Likewise, the way business rates are calculated actively penalises companies for investing in machinery. Just look at Tata Steel, whose tax bill rose £400,000 when they installed a new blast furnace at their Port Talbot steelworks. Increased allowances and changing business rates so they reflect land value instead of ‘rateable value’ are the kind of widely supported changes that could help create the political space to do some trickier reform.

As for simplicity, a report from our parent organisation, the Centre for Policy Studies, shows that it’s possible to drastically reduce the number of taxes paid by small businesses without having any effect on revenue. Accountants PwC estimate it takes 105 hours for the average UK business to file their taxes, time could be more productively employed elsewhere if the filing system were made simpler.

The same is true of personal taxation, where national insurance has remained a separate levy despite effectively being the same as income tax. Merging the two would be a long-term project, not an ‘easy win’, but it would make the system a lot clearer. In the meantime, the Government could do a lot worse than following another CPS recommendation, to raise the NI threshold so the first £12,000 of earnings were completely tax-free.

Another area the UK falls down is property taxes, of which Stamp Duty Land Tax is the most egregious example. It’s hard to find anyone who thinks charging a tax on people moving house is a good idea, especially in a country where property prices have ballooned in recent decades. Clearly, SDLT is not the cause of the housing crisis, but it’s certainly making it worse. As the Mirrlees Review noted back in 2011: “It creates a disincentive for people to move house, thereby leading to potential inflexibilities in the labour market and encouraging people to live […] in properties of a size and in a location that they may well not otherwise have chosen.”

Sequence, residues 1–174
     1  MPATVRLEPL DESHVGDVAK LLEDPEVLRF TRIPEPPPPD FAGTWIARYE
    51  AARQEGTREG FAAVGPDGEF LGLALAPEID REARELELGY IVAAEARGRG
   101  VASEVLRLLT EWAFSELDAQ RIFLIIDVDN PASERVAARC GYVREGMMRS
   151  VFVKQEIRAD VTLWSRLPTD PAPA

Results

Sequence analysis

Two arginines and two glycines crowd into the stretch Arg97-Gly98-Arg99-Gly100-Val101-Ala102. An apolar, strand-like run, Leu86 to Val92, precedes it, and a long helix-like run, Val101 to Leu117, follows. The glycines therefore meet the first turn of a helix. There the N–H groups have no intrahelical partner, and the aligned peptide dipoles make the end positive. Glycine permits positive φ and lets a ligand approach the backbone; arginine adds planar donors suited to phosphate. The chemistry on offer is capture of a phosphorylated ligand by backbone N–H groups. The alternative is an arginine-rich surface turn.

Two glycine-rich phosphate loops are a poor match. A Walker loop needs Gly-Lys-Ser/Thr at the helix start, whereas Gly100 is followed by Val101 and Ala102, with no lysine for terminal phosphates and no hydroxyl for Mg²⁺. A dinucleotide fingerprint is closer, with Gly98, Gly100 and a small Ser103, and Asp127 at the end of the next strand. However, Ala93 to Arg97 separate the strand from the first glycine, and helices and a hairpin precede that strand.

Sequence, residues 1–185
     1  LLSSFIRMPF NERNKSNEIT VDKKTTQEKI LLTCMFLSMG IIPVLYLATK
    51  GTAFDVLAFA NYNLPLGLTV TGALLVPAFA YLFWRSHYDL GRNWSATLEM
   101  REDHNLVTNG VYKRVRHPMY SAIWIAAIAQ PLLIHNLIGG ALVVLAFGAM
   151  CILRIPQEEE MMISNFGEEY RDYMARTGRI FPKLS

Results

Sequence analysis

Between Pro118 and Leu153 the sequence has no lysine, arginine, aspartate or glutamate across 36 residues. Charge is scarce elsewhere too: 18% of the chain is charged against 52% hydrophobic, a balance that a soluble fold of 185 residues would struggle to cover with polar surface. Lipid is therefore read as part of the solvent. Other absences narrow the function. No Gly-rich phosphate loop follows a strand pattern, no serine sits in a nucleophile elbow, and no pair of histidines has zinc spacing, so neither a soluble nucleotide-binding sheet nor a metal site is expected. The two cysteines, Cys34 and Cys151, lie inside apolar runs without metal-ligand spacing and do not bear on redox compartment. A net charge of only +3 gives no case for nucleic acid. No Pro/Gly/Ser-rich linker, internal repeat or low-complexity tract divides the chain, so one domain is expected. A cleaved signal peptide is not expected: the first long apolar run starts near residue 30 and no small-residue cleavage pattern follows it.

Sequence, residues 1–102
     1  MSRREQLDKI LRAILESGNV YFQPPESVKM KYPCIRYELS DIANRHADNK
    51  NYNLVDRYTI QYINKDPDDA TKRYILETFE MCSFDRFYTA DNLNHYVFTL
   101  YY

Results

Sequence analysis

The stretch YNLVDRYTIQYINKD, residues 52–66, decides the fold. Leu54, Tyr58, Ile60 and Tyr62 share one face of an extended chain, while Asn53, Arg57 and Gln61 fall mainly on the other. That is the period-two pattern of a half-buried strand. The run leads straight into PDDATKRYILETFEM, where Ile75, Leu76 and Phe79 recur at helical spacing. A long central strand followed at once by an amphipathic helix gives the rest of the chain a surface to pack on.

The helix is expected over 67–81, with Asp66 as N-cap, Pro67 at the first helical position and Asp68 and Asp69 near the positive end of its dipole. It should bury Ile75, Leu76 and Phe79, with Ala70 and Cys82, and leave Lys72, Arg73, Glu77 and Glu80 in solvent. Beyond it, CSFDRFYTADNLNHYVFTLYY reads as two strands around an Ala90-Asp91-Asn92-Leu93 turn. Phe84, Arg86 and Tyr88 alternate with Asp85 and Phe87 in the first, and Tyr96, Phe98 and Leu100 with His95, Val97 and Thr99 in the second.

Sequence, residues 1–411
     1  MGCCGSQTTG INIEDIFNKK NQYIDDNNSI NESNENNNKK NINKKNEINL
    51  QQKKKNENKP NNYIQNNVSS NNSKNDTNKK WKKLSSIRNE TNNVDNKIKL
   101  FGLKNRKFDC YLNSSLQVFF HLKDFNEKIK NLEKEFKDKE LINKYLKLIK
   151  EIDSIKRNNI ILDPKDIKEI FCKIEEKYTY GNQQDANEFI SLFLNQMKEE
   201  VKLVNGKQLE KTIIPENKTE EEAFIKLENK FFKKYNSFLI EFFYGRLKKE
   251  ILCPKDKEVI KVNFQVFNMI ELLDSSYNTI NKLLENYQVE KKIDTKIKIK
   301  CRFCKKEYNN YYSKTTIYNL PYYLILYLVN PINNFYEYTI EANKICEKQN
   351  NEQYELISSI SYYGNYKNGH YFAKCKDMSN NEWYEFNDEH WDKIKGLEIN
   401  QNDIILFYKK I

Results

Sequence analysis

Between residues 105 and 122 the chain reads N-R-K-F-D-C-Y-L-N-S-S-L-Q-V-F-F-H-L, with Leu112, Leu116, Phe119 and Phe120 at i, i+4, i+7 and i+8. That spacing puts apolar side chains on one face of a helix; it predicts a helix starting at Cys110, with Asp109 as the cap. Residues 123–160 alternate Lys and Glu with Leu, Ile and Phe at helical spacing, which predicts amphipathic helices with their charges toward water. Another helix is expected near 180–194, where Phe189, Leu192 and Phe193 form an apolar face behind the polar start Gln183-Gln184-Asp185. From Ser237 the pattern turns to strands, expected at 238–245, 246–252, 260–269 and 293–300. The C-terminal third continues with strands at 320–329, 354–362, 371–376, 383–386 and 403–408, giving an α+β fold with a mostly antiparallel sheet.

Now, few are under any illusions that business tax reform is going to a huge vote-winner on the doorstep, which is why Chancellor Sajid Javid should make for ideal ‘year 1’ reforms, whose benefits would start to be realised further along the electoral cycle – a happy coincidence, of course, rather than the actual reason for doing the reform in the first place.

Of course, this all rests on a Conservative majority at the next general election. As I’ve written before, Labour’s John McDonnell appears to view taxation as an instrument of class warfare as much as economic policy, and his party’s agenda would only add to the already crippling complexity of our tax code.

At the moment the Tory offer centres on getting Brexit done and boosting spending on various services. That may be smart politics in the short term, but in the longer term there’s no substitute for good, old-fashioned economic growth – creating the world’s most competitive tax system would be a fine way to help deliver it.

CapX depends on the generosity of its readers. If you value what we do, please consider making a donation.

John Ashmore is Acting Editor of CapX